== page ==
Editorial: Nonprofits caught in middle of plate frenzy
Before people get in a dither over the pros and cons of specialty license plates that Arizona issues to vehicle owners, perhaps there is need for some study of the issue in order to make an informed, logical decision.
A bill that is winding its way through state House now would put the skids to what has become a popular way for nonprofit groups to make a little extra cash for their charitable efforts. These particular specialty plates are different than vanity plates, in that they espouse causes rather than show off witticisms in numbers and letters of the alphabet.
Drivers with specialty plates pay an extra $25 above the basic cost for a regular license plate. The state keeps $8 to cover its costs, and the remaining $17 goes to charities sponsoring the plate. If the bill makes it to passage, the bill would let people who now have specialty plates keep them, but the money would go into a state fund and not the respective charities when and if the bill becomes law.
Rep. Steve Farley, D-Tucson, said the state has allowed an over abundance of said plates and that it's out of the state's realm to raise money for charities. "The whole purpose of this is to avoid being a 700-special-plate state like Maryland," he said in an Associated Press story.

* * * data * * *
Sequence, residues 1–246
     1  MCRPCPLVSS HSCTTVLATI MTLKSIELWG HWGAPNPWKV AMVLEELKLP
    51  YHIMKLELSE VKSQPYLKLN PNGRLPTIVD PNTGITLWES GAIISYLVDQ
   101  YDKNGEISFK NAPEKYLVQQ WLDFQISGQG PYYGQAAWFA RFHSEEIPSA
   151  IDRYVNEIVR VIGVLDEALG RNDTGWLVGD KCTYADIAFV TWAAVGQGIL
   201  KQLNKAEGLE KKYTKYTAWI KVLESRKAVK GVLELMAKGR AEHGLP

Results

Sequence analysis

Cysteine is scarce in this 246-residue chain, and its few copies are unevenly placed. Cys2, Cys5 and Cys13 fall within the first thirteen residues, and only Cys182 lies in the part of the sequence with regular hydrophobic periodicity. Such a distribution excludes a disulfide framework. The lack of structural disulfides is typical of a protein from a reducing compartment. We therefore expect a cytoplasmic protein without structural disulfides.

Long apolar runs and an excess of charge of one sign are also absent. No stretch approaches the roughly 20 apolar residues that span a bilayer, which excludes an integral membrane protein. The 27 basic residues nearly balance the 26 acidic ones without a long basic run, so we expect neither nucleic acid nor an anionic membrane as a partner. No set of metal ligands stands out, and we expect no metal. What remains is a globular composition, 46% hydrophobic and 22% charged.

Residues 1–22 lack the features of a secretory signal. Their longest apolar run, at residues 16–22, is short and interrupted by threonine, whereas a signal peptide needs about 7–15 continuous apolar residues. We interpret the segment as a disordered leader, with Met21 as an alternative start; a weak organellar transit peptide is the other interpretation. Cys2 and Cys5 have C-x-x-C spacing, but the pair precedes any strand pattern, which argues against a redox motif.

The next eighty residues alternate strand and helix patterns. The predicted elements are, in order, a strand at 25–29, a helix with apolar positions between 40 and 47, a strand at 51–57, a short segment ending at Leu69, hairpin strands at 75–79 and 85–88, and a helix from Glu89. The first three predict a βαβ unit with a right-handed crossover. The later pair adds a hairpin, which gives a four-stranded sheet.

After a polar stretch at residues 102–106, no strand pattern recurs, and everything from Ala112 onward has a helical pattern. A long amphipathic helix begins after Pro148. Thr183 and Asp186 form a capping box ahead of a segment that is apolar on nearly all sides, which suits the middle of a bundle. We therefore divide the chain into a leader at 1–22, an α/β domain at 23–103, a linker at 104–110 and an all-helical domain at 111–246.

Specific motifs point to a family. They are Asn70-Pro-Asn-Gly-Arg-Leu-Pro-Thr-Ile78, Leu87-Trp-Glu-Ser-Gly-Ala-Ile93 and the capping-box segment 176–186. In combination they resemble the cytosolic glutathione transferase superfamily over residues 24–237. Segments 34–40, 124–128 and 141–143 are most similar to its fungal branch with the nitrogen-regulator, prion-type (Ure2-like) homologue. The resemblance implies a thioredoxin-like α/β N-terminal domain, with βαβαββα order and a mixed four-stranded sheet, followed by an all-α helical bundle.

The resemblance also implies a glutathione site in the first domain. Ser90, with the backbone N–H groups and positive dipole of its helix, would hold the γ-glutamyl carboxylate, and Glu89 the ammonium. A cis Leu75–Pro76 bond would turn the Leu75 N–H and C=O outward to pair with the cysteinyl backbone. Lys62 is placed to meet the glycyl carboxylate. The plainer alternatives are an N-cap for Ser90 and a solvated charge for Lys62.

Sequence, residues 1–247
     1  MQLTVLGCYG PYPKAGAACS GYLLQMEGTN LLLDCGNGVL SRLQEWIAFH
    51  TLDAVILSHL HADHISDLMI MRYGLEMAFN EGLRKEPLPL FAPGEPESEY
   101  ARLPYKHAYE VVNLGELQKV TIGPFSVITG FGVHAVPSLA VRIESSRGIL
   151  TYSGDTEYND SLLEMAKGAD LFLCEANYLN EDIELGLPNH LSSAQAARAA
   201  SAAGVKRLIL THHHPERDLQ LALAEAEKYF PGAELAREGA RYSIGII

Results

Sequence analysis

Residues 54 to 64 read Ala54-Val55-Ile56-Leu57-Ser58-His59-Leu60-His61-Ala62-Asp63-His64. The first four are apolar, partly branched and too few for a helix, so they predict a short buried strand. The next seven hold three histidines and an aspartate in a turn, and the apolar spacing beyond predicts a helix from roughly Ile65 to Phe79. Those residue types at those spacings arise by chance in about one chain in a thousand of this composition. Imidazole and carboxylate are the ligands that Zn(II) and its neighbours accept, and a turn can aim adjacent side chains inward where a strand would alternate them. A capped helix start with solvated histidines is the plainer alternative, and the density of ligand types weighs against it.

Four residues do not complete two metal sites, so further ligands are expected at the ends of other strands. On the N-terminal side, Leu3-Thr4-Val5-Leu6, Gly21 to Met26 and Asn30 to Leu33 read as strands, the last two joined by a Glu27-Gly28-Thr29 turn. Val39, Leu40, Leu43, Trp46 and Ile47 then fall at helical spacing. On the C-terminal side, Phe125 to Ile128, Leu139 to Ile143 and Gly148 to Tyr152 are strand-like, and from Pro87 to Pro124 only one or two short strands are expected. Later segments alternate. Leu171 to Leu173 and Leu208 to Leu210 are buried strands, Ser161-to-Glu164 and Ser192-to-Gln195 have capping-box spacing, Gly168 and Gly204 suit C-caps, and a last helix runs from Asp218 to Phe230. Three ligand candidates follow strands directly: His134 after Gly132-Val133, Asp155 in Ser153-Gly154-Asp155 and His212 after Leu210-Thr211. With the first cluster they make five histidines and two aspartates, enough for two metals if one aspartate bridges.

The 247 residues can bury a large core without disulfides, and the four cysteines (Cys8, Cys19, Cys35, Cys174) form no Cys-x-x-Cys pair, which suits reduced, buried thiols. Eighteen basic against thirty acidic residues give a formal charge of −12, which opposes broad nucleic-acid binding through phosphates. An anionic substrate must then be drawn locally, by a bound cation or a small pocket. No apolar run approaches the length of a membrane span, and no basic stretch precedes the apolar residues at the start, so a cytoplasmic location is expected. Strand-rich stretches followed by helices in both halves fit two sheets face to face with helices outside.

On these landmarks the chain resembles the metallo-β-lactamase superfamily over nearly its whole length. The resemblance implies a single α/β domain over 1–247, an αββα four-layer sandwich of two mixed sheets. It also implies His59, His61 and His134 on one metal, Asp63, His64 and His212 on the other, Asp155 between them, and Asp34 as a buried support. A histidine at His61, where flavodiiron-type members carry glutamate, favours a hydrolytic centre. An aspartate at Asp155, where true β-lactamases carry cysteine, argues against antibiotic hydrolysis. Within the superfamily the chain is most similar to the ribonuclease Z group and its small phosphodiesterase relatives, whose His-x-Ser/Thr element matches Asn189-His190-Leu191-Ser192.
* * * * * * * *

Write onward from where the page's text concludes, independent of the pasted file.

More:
Farley raises a good point, but let's hold the fort for a bit and ask for some facts before rushing toward what appears to be another attempt at money grabbing by the Arizona Legislature.
Nonprofit organizations struggle constantly to provide the services they offer to people who need help. How much money is the specialty plate program really diverting to sponsoring charities? Are we talking about so much money that it would make a significant difference in the state's general fund?
Other than charities and the state's major universities, what about the plates touting major sports teams? Classic cars? Farm vehicles? Arizona Agriculture? The list amounts to more than 50 plates singling out one group or another for recognition.
License plates have one intended purpose - easy identification of a vehicle. With that in mind, perhaps it is time to halt the specialty plate program before it spins out of control.
Just be fair, lawmakers, with your decision. Going after only nonprofits sends a bad message.